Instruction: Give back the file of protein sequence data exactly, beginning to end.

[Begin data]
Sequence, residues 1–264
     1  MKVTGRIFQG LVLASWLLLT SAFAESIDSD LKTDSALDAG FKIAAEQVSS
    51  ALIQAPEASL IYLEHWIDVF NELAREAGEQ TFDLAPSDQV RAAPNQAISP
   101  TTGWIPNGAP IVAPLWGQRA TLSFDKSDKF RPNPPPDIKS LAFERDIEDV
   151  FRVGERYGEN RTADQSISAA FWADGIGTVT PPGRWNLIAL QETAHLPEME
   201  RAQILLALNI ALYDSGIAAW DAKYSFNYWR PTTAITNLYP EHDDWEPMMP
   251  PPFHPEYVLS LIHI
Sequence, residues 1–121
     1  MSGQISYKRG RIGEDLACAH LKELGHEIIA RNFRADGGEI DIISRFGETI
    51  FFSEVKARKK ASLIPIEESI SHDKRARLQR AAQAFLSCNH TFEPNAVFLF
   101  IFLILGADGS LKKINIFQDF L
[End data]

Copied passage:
Sequence, residues 1–264
     1  MKVTGRIFQG LVLASWLLLT SAFAESIDSD LKTDSALDAG FKIAAEQVSS
    51  ALIQAPEASL IYLEHWIDVF NELAREAGEQ TFDLAPSDQV RAAPNQAISP
   101  TTGWIPNGAP IVAPLWGQRA TLSFDKSDKF RPNPPPDIKS LAFERDIEDV
   151  FRVGERYGEN RTADQSISAA FWADGIGTVT PPGRWNLIAL QETAHLPEME
   201  RAQILLALNI ALYDSGIAAW DAKYSFNYWR PTTAITNLYP EHDDWEPMMP
   251  PPFHPEYVLS LIHI
Sequence, residues 1–121
     1  MSGQISYKRG RIGEDLACAH LKELGHEIIA RNFRADGGEI DIISRFGETI
    51  FFSEVKARKK ASLIPIEESI SHDKRARLQR AAQAFLSCNH TFEPNAVFLF
   101  IFLILGADGS LKKINIFQDF L